Phonak Audéo vs. Bolero

Update June 30, 2016: We’ve just learned that on August 29, 2016, Phonak will be releasing the new and improved version of the Audéo V hearing aid, the Phonak Audéo B and Phonak Audéo B-R rechargeable hearing aids.

In Phonak’s family of Venture hearing aids there are two behind the ear hearing aids which are built specifically for patients with mild to severe hearing loss. The hearing aids look almost identical, have the same features, and are often priced the same. So what’s the difference between the Phonak Audéo and Bolero models? Why would someone choose one over the other? In this post I’ll outline the major difference between the aids and hopefully get you closer to deciding which one may be right for you.

picture comparing phonak Audéo and bolero hearing aids

Phonak Audéo V-312 (left), Phonak Bolero V-M (right)

There are 4 main differences between the Audéo & Bolero models.

Size: As you can see from the image above, the Bolero is a slightly larger hearing aid overall. Why the size difference? The Bolero model has the receiver (speaker) encased inside the hearing aid, while the Audeo model has an external receiver which sits in the ear canal (more on this below). This additional component inside the Bolero necessitates a larger design.

Durability: The Audéo V is a RIC (receiver-in-canal) hearing aid. This means that the receiver (speaker) actually sits in the ear canal and is connected to a wire which leads back to the hearing aid. Because the receiver is in the canal with the Audéo model, this means that delicate electrical components are exposed to the oily, waxy environment of the ear canal. For this reason, receivers usually need to be replaced about once every 2 years at a cost of around $100.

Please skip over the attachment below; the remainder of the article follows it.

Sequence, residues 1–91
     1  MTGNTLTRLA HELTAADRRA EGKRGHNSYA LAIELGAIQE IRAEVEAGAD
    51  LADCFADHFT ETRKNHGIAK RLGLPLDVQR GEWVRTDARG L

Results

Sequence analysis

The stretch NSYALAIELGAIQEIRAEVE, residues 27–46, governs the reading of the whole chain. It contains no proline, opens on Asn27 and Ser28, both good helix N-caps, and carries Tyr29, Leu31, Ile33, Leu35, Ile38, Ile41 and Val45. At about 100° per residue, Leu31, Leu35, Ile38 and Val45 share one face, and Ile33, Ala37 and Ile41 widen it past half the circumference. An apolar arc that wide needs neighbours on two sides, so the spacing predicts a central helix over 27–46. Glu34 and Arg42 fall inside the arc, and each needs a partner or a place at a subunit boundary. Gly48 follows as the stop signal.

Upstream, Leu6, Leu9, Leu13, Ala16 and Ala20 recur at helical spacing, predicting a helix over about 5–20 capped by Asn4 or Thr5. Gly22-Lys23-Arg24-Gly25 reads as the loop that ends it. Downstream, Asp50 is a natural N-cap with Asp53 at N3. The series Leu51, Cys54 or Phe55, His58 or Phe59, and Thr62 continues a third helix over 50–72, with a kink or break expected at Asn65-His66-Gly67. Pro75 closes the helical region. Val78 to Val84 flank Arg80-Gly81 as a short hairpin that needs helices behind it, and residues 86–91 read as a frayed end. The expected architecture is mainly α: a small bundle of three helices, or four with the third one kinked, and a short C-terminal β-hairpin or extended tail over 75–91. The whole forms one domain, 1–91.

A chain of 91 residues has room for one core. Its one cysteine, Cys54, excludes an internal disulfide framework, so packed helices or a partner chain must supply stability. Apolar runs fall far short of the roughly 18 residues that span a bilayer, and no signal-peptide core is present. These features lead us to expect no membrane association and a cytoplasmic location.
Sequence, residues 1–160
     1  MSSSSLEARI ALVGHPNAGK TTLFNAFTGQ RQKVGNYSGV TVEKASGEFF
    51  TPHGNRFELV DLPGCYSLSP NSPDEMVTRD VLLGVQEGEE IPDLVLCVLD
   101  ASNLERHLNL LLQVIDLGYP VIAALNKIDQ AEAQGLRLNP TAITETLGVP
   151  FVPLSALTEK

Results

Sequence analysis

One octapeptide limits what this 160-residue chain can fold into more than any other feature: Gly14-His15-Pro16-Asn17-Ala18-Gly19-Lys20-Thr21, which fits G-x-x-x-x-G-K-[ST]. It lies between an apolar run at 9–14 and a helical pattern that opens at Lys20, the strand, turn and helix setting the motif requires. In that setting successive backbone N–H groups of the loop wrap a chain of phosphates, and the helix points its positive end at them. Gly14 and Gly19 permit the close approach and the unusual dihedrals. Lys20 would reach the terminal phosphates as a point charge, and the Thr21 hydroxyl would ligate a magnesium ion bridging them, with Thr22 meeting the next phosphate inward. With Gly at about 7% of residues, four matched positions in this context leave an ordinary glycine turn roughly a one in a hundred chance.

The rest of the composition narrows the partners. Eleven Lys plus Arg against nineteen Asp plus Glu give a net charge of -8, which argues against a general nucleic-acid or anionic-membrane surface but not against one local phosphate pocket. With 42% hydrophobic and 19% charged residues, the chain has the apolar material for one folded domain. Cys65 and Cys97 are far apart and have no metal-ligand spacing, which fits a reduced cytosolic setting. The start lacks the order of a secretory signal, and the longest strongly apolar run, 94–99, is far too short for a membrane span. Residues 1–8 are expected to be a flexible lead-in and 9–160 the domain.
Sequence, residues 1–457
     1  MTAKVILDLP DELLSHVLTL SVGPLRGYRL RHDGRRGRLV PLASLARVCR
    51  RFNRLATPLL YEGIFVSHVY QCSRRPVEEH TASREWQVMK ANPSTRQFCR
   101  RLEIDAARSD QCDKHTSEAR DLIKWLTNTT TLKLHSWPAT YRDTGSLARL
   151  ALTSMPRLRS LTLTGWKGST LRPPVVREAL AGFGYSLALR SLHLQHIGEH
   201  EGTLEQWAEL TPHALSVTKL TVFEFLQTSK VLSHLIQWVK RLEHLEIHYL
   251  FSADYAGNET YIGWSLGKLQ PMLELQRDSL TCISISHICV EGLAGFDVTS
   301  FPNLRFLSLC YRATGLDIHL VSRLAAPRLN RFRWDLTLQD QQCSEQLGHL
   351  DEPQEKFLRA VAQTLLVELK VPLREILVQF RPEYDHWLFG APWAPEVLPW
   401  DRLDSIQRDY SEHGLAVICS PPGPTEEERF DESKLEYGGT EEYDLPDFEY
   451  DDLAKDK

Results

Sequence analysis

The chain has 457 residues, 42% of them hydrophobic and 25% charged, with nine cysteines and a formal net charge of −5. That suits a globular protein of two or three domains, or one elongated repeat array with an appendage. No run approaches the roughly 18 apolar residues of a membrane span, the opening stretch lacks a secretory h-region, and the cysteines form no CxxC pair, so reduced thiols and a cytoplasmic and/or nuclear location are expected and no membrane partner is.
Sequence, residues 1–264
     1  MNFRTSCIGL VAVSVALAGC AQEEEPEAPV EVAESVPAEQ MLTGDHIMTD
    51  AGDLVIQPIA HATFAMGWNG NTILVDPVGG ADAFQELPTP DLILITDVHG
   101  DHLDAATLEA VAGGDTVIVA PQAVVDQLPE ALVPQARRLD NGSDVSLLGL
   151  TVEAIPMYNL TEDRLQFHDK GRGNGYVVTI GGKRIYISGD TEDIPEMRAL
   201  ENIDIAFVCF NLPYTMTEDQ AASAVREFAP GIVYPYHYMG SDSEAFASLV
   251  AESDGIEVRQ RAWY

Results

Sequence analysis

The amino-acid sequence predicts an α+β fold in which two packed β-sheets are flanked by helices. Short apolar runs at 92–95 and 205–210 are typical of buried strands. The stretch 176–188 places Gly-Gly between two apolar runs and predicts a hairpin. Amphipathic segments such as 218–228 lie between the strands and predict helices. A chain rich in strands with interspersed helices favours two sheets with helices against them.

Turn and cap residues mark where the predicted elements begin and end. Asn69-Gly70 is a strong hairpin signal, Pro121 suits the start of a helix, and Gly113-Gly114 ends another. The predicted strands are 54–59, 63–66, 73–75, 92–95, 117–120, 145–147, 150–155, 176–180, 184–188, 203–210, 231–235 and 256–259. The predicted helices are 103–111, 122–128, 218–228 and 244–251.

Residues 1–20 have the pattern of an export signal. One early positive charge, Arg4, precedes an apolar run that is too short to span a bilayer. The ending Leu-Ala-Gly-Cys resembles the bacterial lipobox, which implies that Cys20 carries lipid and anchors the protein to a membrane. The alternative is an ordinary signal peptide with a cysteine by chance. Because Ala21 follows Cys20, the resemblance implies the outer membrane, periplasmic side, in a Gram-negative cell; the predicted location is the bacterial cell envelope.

The Bolero model on the other hand keeps all the electrical components protected inside the actual hearing aid (located behind-the-ear), and the sound then travels down a hollow tube into the ear canal. For patients with sweaty or draining ears, or patients who work outside, this makes the Bolero a more durable hearing aid and more suitable choice. In addition, due to the receiver being protected inside the hearing aid, the Bolero achieves a higher IP rating, of 67 vs the Audeo’s 57. This means the Bolero is better equipped to handle cerumen, dust, and moisture.

However, there is a downside to having the receiver encased inside the hearing aid as the Bolero does. If the receiver needs repair, the entire hearing aid needs to be sent in to the repair lab. With the Audéo, your hearing provider can replace the external receiver in a matter of seconds and have you out the door with a working hearing aid. Since receivers are prone to breakdown, this is a significant advantage for the Audéo.

Usability: The models pictured above both come with a single push-button which can be programmed to change the hearing aid volume and program. For some, having a single button which controls two different functions can be tricky. In the case of the Bolero V-S and V-SP models, there is a separate volume control built-in, which some users prefer for easier control of the hearing aid.

Frequency bandwidth: One of the primary advantages to choosing the Audéo over the Bolero is the Audeo’s expanded frequency bandwidth. In the simplest of terms, the Audéo will provide a richer and clearer sound quality than the more restricted bandwidth of the Bolero. This means that wearing the Audéo, you’ll be more likely to hear high frequency sounds like birds chirping.

Summary

In almost all cases we’d recommend purchasing the Audéo model, and I think most hearing providers would agree that it’s a better fit for the majority of patients. However, if your ears drain due to infection, or simply sweat, or you have dexterity issues, the Bolero is probably a better fit. Discuss the above points with your hearing provider and together you’ll be able to come to a solution that works best for you!

Leave a comment